• Lawmakers propose bill which would increase visas for highly skilled immigrants

    Four senators plan to introduce a more narrowly tailored immigration reform bill which focuses on increasing the number of temporary visas available for highly skilled immigrants. The bill would also free up green cards so more of these highly skilled immigrants could settle in the United States and eventually become citizens.

  • Naturalized security threats retain their U.S. citizenship

    There is a surprising number of naturalized citizens in the United States who have been charged and convicted of serious national security crimes — including terrorism, espionage, and theft of sensitive information and technology — in the last several years. A new study compares the relative ease with which aliens naturalize with the difficulty in stripping them of citizenship, even when they prove to be national security threats who have gamed the system.

  • Advocates of immigration reform eye Canada’s guest worker program as a model

    When many Mexicans head north for seasonal work, they no longer have to smuggle their way through the U.S.–Mexican border; now they can hop a fight to Canada; in a government-to-government deal between Mexico and Canada, almost 16,000 temporary Mexican workers are able to earn good wages in Canada as part of a guest worker program; as discussions about immigration reform in the United States continue, some eye the Canadian guest worker program as a model to be emulated

  • New Georgia immigration bill makes state health professionals feel the pain

    Starting in January 2012, a Georgia House bill required health employees to prove their citizenship or legal residency when they apply for or renew a professional license; the bill has licensing administrators tied up in knots as understaffed offices cannot keep up with the deluge of new paperwork and increased responsibility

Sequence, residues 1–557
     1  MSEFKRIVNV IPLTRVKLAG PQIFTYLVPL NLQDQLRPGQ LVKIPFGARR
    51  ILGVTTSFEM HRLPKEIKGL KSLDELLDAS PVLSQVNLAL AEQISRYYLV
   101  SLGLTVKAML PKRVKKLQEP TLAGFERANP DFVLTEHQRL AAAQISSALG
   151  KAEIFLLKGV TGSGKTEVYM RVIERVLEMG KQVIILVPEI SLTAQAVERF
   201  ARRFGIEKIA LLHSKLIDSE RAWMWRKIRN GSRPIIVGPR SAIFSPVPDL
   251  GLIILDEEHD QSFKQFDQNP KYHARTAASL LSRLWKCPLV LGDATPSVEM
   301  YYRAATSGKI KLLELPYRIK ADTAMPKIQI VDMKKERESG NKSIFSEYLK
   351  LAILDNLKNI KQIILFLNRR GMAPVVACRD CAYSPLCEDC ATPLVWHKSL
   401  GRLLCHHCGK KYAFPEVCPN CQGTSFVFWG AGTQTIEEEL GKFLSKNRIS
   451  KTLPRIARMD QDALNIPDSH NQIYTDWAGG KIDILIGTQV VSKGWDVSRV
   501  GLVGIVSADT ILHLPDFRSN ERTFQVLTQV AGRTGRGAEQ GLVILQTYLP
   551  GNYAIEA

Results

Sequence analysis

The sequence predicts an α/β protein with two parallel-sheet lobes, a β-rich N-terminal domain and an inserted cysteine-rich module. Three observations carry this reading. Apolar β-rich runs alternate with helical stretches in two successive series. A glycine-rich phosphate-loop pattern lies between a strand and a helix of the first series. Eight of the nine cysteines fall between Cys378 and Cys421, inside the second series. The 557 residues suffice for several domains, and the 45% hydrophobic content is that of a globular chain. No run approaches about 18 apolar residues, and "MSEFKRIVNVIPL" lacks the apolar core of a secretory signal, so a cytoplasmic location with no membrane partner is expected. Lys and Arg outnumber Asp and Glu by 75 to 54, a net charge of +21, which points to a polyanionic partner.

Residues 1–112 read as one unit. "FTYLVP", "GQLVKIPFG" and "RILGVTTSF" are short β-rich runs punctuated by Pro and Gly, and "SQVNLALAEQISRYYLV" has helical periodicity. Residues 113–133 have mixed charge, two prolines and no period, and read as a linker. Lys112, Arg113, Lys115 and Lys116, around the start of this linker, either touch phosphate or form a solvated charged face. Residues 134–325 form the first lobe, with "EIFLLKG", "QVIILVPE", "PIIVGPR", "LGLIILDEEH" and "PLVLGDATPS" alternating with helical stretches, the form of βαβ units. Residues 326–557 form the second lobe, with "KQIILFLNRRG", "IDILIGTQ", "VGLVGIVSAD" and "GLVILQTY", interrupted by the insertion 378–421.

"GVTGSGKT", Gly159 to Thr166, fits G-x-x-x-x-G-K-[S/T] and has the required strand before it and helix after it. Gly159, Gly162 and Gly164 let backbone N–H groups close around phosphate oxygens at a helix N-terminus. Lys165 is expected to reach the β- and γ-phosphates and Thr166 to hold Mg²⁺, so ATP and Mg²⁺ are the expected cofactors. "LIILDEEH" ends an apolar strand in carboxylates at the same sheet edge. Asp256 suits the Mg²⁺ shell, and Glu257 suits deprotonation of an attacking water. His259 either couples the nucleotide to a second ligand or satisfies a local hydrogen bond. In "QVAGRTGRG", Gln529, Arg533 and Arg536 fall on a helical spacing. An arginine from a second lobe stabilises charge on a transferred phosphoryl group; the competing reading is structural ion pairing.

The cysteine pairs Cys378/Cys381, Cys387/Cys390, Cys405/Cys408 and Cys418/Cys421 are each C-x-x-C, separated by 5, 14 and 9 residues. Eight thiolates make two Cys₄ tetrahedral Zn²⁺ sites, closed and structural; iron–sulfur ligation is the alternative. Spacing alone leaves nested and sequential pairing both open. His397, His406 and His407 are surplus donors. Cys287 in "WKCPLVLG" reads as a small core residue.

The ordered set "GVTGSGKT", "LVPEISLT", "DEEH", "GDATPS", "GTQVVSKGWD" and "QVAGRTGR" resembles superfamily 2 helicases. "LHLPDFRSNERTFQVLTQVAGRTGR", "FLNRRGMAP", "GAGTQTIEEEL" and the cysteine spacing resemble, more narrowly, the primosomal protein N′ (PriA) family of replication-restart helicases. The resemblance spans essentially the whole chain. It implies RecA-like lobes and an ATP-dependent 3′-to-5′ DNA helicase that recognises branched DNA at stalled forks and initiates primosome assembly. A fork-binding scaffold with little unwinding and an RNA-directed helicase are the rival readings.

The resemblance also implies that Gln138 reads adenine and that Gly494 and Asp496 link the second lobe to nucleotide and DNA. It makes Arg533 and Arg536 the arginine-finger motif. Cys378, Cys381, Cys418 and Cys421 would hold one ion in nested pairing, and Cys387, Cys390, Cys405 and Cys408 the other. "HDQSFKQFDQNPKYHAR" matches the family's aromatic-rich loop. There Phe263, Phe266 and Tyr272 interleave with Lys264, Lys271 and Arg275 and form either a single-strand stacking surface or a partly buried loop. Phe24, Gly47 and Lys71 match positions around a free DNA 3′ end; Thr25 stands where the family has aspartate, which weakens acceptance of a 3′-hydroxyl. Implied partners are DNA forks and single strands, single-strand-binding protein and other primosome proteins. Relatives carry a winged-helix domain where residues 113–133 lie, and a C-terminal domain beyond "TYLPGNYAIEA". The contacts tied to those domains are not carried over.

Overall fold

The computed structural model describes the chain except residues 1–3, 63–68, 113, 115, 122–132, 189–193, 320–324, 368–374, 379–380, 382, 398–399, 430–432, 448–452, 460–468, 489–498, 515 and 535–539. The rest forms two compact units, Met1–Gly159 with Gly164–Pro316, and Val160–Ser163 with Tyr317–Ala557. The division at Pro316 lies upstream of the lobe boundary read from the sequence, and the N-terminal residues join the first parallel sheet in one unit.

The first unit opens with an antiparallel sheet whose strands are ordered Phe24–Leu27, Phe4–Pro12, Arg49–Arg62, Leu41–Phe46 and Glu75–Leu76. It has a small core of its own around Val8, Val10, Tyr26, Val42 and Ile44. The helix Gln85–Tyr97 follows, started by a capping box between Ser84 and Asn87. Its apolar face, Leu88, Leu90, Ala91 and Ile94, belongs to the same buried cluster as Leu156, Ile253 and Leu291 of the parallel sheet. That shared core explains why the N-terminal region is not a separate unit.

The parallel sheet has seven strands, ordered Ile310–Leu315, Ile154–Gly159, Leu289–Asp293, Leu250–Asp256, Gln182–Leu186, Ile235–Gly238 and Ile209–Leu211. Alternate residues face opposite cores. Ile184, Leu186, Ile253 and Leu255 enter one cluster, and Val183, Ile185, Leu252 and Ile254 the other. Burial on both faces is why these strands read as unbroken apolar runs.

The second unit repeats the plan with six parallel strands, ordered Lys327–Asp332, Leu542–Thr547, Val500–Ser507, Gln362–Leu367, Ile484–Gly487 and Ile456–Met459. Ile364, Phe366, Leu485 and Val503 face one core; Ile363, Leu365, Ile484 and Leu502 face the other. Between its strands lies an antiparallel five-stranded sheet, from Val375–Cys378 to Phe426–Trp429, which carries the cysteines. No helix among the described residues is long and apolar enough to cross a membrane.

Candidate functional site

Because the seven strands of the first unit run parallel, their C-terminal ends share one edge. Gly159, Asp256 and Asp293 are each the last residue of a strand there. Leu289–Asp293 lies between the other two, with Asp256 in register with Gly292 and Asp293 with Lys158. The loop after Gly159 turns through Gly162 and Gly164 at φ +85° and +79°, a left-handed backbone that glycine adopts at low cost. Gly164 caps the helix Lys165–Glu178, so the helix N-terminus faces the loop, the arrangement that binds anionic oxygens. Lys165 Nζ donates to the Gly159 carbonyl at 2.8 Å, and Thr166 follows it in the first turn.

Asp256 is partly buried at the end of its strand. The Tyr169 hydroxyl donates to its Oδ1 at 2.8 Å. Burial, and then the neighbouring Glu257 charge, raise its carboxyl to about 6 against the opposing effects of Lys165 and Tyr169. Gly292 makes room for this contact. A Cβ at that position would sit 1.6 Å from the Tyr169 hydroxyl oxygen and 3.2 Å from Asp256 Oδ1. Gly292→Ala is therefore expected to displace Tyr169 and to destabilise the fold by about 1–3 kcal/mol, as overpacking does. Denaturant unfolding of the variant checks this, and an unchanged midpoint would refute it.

• Employers in a bind over the administration’s deferred deportation executive order

    The administration’s 15 June executive order defers deportation action against 1.2 million illegal immigrants who meet certain criteria; those who apply for the 2-year deferment should prove, for example, that they have lived in the United States for at least five years, and one way to do so would be a job verification from their employers; employers, however, are concerned that those employers who agree to these requests may be acknowledging that they knowingly hired an illegal immigrant, a violation of federal law

  • Immigrant entrepreneurship in U.S. has stalled for the first time in decades

    New study finds that high-tech, immigrant-founded startups – a critical source of fuel for the U.S. economy — has stagnated and is on the verge of decline; the proportion of immigrant-founded companies nationwide has slipped from 25.3 percent to 24.3 percent since 2005; the drop is even more pronounced in Silicon Valley, where the percentage of immigrant-founded startups declined from 52.4 percent to 43.9 percent

  • Supreme Court hears arguments on Arizona immigration law

    The U.S. Supreme Court yesterday heard arguments about the tough Arizona immigration law, known as SB107; the case highlights a fundamental disagreements over the precise balance of power between the states and the national government; the judges appeared skeptical of the administration’s arguments; the Arizona case may occasion a redrawing by the Supreme Court of established boundaries between the federal government and the states on immigration enforcement